Deciding whether or not to stay in your home or move to a senior living community is never an easy one. However, there are a few things to keep in mind when weighing the decision of what might be best for you in your later years.
One in four Americans over 65 experience a fall every year. For many seniors it can be stressful thinking about moving from your home, particularly if you live alone. As we get older, tasks that were once simple, like going up and down the stairs or scrubbing the bathroom floor, can become dangerous. Living in a community can provide a sense of security and comfort.
Between cleaning the house, repairs around the house and outdoor maintenance the upkeep of a home can be a full-time job. Besides, most older adults no longer need all the space that they once did. In addition, most retirees aren’t prepared for the financial burden of maintaining a home in their later years.
Committing to staying in your home sounds like a good idea, however what happens should you need assistance or home care? Home care can cost over $100,000 a year and modifications required for your home to provide a safe space for you to live can be expensive as well.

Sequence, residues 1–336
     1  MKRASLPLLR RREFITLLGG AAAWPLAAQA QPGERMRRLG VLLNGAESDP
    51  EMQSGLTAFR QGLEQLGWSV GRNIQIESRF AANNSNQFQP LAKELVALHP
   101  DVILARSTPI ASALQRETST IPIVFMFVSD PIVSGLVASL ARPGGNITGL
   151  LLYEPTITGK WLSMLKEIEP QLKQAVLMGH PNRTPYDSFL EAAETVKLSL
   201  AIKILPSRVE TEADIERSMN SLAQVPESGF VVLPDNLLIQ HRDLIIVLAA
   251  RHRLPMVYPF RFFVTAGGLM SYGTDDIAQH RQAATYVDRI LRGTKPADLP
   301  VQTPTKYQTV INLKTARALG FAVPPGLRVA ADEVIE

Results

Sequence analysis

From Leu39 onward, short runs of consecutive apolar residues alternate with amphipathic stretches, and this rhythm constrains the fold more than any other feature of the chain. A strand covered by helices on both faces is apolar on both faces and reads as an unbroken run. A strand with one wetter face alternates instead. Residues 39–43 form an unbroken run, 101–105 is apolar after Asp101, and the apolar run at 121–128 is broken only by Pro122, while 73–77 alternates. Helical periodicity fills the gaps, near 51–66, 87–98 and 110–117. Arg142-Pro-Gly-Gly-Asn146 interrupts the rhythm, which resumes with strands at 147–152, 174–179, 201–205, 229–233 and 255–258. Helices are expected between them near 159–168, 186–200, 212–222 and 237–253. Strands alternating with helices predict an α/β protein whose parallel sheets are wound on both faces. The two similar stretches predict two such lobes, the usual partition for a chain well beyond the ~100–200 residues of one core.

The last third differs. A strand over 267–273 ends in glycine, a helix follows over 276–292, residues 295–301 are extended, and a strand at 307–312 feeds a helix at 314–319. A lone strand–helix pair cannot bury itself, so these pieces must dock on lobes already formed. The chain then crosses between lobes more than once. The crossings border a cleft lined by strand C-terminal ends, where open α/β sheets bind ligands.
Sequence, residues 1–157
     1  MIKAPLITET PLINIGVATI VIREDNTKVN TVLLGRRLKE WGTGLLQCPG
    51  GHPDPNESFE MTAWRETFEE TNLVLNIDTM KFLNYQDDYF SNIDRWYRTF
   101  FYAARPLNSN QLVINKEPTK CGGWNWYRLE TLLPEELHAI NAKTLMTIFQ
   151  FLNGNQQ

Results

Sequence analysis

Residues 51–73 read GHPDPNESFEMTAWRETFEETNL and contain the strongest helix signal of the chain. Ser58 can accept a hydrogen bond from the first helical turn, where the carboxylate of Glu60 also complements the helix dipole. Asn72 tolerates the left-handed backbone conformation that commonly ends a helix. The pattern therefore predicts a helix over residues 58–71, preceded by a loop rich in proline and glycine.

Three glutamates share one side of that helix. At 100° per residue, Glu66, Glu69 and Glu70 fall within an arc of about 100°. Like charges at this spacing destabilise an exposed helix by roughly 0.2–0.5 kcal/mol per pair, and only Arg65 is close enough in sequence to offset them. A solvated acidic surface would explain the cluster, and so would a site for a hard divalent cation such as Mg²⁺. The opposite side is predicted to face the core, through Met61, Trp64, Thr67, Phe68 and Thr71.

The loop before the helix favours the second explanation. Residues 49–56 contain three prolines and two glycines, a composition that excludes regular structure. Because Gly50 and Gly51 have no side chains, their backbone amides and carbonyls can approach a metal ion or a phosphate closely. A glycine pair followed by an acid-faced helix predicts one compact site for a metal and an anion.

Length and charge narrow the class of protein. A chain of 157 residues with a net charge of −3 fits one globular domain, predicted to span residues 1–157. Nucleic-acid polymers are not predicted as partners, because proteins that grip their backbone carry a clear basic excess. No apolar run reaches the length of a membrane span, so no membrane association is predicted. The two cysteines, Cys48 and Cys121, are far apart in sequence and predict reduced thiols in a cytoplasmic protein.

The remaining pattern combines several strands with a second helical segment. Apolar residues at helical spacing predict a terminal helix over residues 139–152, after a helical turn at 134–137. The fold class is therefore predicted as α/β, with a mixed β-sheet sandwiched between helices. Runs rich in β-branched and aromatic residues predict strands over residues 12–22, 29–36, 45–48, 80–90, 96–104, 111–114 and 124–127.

Moving to a senior living facility can help seniors consolidate and reduce costs as many of our facilities include meals, transportation, housekeeping, laundry and an array of social activities.
Staying in your home can be lonely, especially when living alone. Living alone can lead to moodiness, depression and even changes in weight and overall wellbeing. At a senior living facility, surrounded by other active seniors, you gain a sense of community. You’ll be surrounded by other like-minded retirees looking to socialize, engage, keep active and just enjoy their later years.
If you’re interested in learning what your life or your loved one’s life could look like by joining our community, contact us today.
Sep 21|Assisted Living
Every September, the world comes together to raise awareness and challenge the stigma that persists around dementia and its most common form: Alzheimer’s.
Sep 04|Senior Lifestyles
Today, we might choose to read from our tablets or play Solitaire by ourselves, but card games still hold a lot of joy.